Angie’s List Inc. this summer became so outraged over the competitive tactics of its upstart competitor Amazon Local that it sued the firm in federal court, accusing the unit of goliath Amazon.com of computer fraud and misappropriation of trade secrets.
The suit includes as defendants nearly two dozen Amazon employees who Angie’s List charges signed up as members and then violated the terms of their membership agreements, which restrict use of the information to personal purchases.
But wait a minute, asserts Amazon Local in recent court documents that allege the tactics it’s accused of are customary in the home services “deals” industry and wholly appropriate.
In fact, Amazon recently fought successfully for a court order compelling Angie’s List to search its customer-relationship-management software “to identify the extent to which Angie’s List sales personnel used information from other deals providers to identify merchants likely to participate in an Angie’s List ‘Big Deal’” offer.
Angie’s List had fought the request for searches of Amazon Local and six other deal providers on myriad grounds, including that it was overly broad, harassing and unduly burdensome. But Magistrate Judge Debra McVicker Lynch on Aug. 10 ordered the company to ante up the information.
Amazon hopes the trove of information it awaits will serve as artillery to defeat an Angie’s List motion for an injunction that would prevent Amazon Local from using any information obtained from Angie’s List. A hearing on the motion, set for Oct. 13, is expected to last up to 2-1/2 days.
“Amazon Local intends to argue that Angie’s List cannot demonstrate a likelihood of success on the merits because the practice it seeks to enjoin was a standard method of researching potential merchants within the deals industry, and therefore not improper or unfair,” Amazon’s legal team wrote in a late July filing.
“In particular, Amazon Local intends to demonstrate that Angie’s List salespeople register with other deals providers and obtain information for competitive use in violation of their subscription agreements—the identical claims upon which its claims against Amazon Local are premised.”
Amazon’s legal team includes Indianapolis-based Katz & Korin PC and Seattle-based K&L Gates LLP. Angie’s List is represented by Ice Miller LLP.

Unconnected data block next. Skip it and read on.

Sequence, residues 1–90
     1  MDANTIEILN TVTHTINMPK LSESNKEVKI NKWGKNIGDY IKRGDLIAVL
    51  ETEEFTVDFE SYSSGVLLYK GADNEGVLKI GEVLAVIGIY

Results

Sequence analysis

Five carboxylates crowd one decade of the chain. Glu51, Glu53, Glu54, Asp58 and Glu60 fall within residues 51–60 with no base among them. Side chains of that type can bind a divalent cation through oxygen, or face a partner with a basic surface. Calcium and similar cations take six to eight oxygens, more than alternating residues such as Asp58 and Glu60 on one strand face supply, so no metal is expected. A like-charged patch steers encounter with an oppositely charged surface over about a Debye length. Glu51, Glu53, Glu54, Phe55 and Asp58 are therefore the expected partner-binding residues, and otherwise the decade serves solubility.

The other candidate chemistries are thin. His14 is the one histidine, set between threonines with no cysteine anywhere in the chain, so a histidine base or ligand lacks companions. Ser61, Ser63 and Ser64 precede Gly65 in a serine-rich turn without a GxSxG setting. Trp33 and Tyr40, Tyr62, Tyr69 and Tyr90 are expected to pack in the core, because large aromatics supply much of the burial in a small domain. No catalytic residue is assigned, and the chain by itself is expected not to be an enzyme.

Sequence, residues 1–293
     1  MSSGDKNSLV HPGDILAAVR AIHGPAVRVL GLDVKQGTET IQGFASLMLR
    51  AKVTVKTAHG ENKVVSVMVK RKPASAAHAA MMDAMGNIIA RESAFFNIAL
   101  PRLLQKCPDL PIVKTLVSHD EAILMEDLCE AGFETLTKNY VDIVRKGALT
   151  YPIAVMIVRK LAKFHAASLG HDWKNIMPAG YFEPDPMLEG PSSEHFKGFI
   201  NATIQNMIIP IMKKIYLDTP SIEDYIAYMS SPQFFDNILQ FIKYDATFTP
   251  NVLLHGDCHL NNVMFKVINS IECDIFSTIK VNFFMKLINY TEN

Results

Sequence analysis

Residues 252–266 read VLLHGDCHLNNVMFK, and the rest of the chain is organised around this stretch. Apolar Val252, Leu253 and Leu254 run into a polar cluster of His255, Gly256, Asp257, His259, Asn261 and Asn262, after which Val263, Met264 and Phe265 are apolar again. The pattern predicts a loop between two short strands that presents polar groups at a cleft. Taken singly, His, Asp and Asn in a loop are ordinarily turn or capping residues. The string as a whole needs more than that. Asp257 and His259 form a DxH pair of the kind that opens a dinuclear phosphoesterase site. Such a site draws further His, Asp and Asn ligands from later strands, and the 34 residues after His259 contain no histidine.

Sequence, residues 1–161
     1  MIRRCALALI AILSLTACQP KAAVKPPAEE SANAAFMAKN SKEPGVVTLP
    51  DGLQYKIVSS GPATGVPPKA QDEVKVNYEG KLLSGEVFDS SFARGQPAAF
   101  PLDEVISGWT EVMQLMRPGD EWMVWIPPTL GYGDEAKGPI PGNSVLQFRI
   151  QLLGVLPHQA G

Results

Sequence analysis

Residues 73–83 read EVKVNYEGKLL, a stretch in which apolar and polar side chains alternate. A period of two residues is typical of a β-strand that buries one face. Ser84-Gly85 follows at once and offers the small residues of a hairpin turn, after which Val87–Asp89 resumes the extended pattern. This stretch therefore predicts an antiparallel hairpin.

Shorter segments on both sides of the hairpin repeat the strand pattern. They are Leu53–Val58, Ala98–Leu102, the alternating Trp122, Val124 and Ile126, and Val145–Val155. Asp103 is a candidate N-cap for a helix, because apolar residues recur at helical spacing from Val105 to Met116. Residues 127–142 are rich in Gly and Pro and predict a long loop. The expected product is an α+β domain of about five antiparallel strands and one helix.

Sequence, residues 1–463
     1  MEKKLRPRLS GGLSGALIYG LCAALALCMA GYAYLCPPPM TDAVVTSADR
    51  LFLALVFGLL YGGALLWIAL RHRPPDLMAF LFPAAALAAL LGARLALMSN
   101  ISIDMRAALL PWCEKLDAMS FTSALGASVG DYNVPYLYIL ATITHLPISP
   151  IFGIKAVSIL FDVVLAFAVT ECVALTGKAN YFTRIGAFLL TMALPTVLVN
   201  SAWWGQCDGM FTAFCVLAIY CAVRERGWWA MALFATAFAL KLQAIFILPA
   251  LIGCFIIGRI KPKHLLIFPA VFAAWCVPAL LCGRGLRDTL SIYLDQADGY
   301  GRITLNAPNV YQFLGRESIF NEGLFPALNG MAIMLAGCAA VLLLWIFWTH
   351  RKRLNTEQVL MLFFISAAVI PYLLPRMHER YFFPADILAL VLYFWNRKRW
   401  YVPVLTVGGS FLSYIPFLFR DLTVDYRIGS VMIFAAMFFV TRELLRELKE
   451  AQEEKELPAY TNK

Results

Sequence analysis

Amazon is among an emerging field of competitors to Angie’s List in the business of connecting consumers to service providers, such as roofers, painters and home remodelers.
Amazon Local has been pushing into the home services market since June 2014, touting discounts of up to 75 percent on “local services, products and experiences.” National news reports say Google also is angling to be a player.
In a conference call with analysts in April, Angie’s List then-CEO Bill Oesterle said neither company is yet having a noticeable impact on Angie’s List but that he is not taking them lightly.
“The marketplace is like the vastness of the ocean. So we are not running into them from a competitive standpoint at all,” Oesterle said. “But … these are formidable competitors, and over the long term we have to have the best product, the best service in the marketplace.”
HHGregg starts climbing back
Don’t look now, but HHGregg Inc.’s beaten-down stock is staging a rally.
The stock now fetches about $4.53, up 43 percent from its June 29 low and 33 percent since Aug. 5, the day before the appliance, furniture and consumer electronics retailer announced a smaller-than-expected quarterly loss.
Even with the rally, HHGregg shares trade for a pittance compared with the $30-plus they fetched in mid-2010.
In a conference call with analysts Aug. 6, CEO Dennis May acknowledged investors are not going to suddenly embrace the company again after years of disappointing results.
“I think it starts with building some credibility,” May said. “Obviously, we as a company have been going through some significant transformation. And though we are excited about the progress that we are making, we’ve got a lot of work to do. And then part of that work is building, rebuilding some credibility. And I think that’s a big focus for us.”•